Kona Coffee - A Cup Of Aloha From The Paradise Of The Pacific

Rise and Shine, with your toes in the sand and a coffee in your hand because adventure in life is good, but a jolt from your coffee is always the best! What if that cup of coffee tasted like freshly ground paradise and smells like Aloha? Interesting right!

 

From the windward and the wet side of the Hawaiian Islands, the aromatic Kona coffee beans arrive. Kona Coffee is solely grown in the Hawaiian area of the United States, and the distinctive flavor of this specialty coffee is attributed to the rich Hawaiian soil and climate. Hold your cup in place! You're just about to take a journey to the richness and evolution of Kona Coffee.

Kona Coffee From The History Textbooks

While coffee has been a predominant beverage of Hawaiian culture for hundreds of years, it is important to remember the story behind its legacy. When Hawaiian King Kamehameha II and Oahu's governor, Chief Boki, traveled to England in 1823, the concept of Kona was conceived. Unfortunately, the king contracted the measles on his voyage and succumbed to it before reaching the Big Island in 1824.

 

Chief Boki stopped in Brazil on his journey home and bought some coffee plants to Hawaii. Later, Samuel Reverend Ruggles was the first to plant a coffee tree in Hawaii in 1828. However, the islands were unfamiliar with this brewed beverage before it.

Kona's Journey To International Fame

Despite the fact that coffee has already taken its place in farms of the Big Island, Hawaiian coffee was never the most important commercial crop: traditionally, sugar and pineapple were the most important agricultural goods in Hawaii. However, Kona coffee gained its first worldwide plaudits during the 1873 World's Fair in Vienna, Austria, hinting at the coffee's future specialty status.

 

Kona coffee, and Hawaiian coffee in general, had phases of expansion and contraction in response to key events such as the Klondike Gold Rush, US annexation of Hawaii, and the two World Wars of the twentieth century. During these years, migrant workers cultivated most of the Kona region in tiny family holdings when they weren't contracted to work on the much bigger, more lucrative sugar and pineapple plantations. Throughout it all, though, the Kona coffee varieties continued to develop and improve silently.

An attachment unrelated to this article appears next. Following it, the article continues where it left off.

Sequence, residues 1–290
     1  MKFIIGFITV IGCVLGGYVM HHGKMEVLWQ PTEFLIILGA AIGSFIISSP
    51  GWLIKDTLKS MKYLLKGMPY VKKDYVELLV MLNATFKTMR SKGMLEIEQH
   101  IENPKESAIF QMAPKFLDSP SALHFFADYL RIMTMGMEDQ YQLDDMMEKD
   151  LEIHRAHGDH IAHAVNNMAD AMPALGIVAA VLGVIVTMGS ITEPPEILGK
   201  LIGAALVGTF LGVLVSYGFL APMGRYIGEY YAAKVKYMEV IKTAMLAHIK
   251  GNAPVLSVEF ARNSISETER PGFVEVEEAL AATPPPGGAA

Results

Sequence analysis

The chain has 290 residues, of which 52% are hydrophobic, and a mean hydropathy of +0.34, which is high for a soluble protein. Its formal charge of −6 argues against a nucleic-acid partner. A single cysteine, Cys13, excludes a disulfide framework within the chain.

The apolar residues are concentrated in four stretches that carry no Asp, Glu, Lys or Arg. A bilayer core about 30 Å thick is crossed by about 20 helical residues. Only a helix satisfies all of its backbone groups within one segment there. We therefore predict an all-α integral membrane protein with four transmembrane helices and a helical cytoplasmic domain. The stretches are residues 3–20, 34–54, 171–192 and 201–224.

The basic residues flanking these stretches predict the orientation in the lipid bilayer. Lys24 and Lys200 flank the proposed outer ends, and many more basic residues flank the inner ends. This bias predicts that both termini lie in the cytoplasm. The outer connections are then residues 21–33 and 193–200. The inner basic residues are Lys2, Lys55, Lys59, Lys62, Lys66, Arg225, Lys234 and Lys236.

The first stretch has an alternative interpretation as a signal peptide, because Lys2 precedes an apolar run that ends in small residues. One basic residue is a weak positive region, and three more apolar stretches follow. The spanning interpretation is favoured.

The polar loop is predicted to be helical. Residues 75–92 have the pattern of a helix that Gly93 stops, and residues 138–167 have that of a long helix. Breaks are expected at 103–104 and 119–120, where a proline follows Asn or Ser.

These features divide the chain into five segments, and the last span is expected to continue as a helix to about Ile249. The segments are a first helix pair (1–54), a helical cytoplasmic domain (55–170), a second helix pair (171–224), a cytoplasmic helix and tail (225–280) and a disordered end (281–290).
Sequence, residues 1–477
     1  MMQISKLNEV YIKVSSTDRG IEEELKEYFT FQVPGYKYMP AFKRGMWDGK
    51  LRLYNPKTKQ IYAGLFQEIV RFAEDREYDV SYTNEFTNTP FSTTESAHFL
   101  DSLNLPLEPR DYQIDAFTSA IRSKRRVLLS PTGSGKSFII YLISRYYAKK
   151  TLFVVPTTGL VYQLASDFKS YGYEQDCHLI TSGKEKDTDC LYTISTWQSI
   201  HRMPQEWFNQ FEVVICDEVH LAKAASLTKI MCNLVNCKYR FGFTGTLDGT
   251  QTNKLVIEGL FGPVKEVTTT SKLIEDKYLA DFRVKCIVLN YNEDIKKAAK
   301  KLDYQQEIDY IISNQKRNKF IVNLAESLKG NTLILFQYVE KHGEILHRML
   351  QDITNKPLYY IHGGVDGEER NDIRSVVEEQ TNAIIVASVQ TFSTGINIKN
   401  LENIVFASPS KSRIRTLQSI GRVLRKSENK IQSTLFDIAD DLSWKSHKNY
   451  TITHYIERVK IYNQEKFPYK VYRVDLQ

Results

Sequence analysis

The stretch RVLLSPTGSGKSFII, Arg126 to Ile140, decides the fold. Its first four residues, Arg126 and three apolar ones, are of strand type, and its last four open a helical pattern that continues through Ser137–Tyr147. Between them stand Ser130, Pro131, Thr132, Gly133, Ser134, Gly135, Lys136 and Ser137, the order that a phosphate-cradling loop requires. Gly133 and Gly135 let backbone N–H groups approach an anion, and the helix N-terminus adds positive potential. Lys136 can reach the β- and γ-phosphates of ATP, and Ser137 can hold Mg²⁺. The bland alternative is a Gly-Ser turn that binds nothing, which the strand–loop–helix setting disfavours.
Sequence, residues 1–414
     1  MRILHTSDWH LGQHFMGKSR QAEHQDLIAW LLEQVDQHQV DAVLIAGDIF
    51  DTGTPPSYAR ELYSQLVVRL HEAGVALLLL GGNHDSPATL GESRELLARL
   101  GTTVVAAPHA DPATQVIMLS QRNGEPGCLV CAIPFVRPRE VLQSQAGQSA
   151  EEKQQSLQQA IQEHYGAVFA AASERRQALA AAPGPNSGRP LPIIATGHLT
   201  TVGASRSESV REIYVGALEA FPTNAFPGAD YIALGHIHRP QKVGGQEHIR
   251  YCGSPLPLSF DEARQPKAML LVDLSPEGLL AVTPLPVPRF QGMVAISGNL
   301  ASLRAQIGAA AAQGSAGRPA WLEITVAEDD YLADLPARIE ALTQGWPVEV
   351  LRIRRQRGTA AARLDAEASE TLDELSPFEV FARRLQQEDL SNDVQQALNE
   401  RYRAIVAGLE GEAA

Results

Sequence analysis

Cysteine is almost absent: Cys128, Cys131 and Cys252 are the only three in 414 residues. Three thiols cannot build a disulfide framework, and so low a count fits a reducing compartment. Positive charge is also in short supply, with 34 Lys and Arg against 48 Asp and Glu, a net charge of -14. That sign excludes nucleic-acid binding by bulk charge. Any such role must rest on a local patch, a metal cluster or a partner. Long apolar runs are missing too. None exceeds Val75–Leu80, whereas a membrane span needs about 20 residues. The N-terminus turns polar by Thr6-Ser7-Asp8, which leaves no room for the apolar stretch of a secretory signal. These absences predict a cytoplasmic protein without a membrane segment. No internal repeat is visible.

Finally, during the early 1980s, Kona coffee and the rest of specialty coffee worldwide began to see its long-awaited revival. Kona restored its former prominence when sugar and other commercial crops plummeted, and coffee connoisseurs shifted to richer tasting and more ethically raised coffees worldwide. It is now one of the most favored originals.

 

What Is So Special About Kona Coffee?

Authentic Kona Coffee is a renowned product of Hawaii's Big Island, praised worldwide for its full-bodied, delightful flavor and peculiar aroma. Many factors like the type of seed, geography and the methods of growing or harvesting matter in nurturing a specialty coffee like the Kona. Here is a brief insight into a few of the factors.

  • The Seed Variety

Guatemalan coffee seeds were brought to Hawaii in 1892 to enhance the existing Brazilian supply. The new cultivar is an old classic variety transported to the United States when coffee cultivation began worldwide. Coffee mutates and adapts to its environment everywhere it is planted, and this Guatemalan Typica became so popular in Kona that it is now designated its variety, known as Kona Typica.

  • The Topography

The terrain and climate of Hawaii also impact the quality of Kona Coffee. Coffees cultivated in Hawaii are grown at a relatively lower elevation than coffees grown elsewhere in the world. Because Hawaii is so far north of the equator than many other coffee locations, slight elevation changes have a greater influence on coffee quality by giving access to cooler air and the essential balance of sunshine and moisture. The Kona area of Hawaii's mineral-rich volcanic soils of Mauna Loa's steep slopes provides ideal circumstances for cultivating some of the world's finest coffees.

  • Hand-Picked With Love

After carefully hand-picked from the bushes, the coffee seeds are stacked in a basket before processing through a machine to remove the berry pulp and uncover the bean. The beans are fermented for 12 hours at lower elevations on Kona's highlands and around 24 hours at higher altitudes, and they are then air-dried before being roasted.

  • The Custom Roasting